Turning and Maintaining the Compost


7. Troubleshooting Common Issues

a. Foul Odors: Foul smells may indicate anaerobic decomposition. To remedy this, ensure proper aeration by turning the tumbler more frequently and adding dry materials like shredded paper or straw to improve airflow.

b. Excessive Moisture: If your compost becomes too wet, add dry materials to absorb the moisture and improve drainage. Alternatively, you can turn the tumbler more frequently to increase aeration and evaporate excess moisture.

c. Slow Decomposition: If your compost takes longer to decompose, check the carbon-to-nitrogen ratio. Adjust the balance by adding more green materials if the compost appears too dry, or more brown materials if it seems too wet.

d. Pests and Rodents: To deter pests and rodents, avoid adding meat, dairy products, oily foods, or pet waste to your compost tumbler. Securely latch the tumbler to prevent animals from accessing the contents. If pests persist, consider using a compost bin with a rodent-proof design.


8. Harvesting and Using Your Compost

After a few weeks to several months, depending on the composting process and materials used, your compost will be ready for harvesting. Look for dark, crumbly, and earthy-smelling compost. To harvest, stop adding new materials to the tumbler and allow it to sit for a couple of weeks to stabilize.

To extract the compost, open the access door or remove the compost chamber from the tumbler. Use a shovel or gardening fork to scoop out the finished compost. Spread it in your garden beds, mix it with potting soil for container gardening, or use it as a top dressing for existing plants.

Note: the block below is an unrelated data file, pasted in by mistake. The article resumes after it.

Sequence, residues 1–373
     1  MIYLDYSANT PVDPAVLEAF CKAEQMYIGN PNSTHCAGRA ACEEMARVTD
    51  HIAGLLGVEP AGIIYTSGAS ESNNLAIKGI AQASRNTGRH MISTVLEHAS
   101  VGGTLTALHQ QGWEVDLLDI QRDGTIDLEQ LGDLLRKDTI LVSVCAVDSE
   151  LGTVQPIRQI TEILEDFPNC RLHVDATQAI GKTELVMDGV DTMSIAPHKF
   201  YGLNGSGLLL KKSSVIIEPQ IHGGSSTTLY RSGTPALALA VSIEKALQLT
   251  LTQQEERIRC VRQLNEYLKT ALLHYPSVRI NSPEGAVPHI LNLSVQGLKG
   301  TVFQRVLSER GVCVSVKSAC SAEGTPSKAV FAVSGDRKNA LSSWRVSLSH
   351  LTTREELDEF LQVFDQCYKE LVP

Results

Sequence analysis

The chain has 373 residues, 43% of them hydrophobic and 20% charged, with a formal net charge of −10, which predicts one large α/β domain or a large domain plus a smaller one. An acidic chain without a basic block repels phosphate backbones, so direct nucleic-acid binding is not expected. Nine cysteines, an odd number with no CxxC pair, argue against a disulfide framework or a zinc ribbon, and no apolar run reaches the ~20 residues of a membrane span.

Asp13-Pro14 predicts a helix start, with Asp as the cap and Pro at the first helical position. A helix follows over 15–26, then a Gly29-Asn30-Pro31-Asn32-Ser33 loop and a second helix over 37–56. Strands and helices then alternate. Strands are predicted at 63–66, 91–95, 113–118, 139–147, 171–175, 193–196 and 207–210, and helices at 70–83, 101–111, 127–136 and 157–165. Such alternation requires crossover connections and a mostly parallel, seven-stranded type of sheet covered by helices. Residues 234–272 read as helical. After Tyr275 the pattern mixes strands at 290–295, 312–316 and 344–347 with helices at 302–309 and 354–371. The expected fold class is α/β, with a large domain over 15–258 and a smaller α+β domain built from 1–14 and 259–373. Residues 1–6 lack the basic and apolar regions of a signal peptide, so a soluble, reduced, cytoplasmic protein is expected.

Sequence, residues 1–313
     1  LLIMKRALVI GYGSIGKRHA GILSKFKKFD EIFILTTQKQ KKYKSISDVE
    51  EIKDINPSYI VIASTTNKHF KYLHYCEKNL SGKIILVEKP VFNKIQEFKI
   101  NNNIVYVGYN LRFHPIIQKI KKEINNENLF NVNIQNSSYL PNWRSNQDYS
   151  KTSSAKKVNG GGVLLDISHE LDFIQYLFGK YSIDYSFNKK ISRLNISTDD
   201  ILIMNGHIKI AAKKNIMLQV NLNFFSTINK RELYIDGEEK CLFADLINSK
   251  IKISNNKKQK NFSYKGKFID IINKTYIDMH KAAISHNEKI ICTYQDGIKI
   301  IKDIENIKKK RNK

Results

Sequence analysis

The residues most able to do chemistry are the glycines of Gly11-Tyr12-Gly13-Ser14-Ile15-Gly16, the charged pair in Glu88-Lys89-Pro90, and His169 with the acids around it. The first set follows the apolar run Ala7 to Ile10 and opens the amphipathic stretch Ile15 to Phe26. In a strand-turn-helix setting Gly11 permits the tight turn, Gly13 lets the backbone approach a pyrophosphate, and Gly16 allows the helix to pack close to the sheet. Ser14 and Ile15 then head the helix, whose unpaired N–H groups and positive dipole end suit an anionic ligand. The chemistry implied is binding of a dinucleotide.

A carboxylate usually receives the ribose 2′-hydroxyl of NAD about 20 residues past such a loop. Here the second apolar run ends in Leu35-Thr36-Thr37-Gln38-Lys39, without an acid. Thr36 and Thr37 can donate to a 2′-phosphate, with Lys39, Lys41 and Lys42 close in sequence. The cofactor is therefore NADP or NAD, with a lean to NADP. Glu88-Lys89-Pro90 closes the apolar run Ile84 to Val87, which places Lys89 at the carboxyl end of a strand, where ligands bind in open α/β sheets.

Can You Put Worms in a Compost Tumbler?

Adding worms to a compost tumbler is not recommended. Compost tumblers are designed for aerobic composting, where the decomposition process relies on oxygen and a specific balance of carbon and nitrogen materials. The tumbling action helps provide the necessary aeration for efficient decomposition.

Worms, on the other hand, thrive in environments with higher moisture levels and prefer a different set of conditions for composting known as vermicomposting. Vermicomposting is a method that involves using worms, typically red wigglers or Eisenia fetida, to break down organic materials into nutrient-rich castings, also known as worm castings or vermicast.

Compost tumblers typically do not provide the ideal conditions for worms. The tumbling action can be too vigorous and may harm or stress the worms. Additionally, the high oxygen levels and faster decomposition process in a compost tumbler may not be suitable for the worms’ survival and optimal composting activity.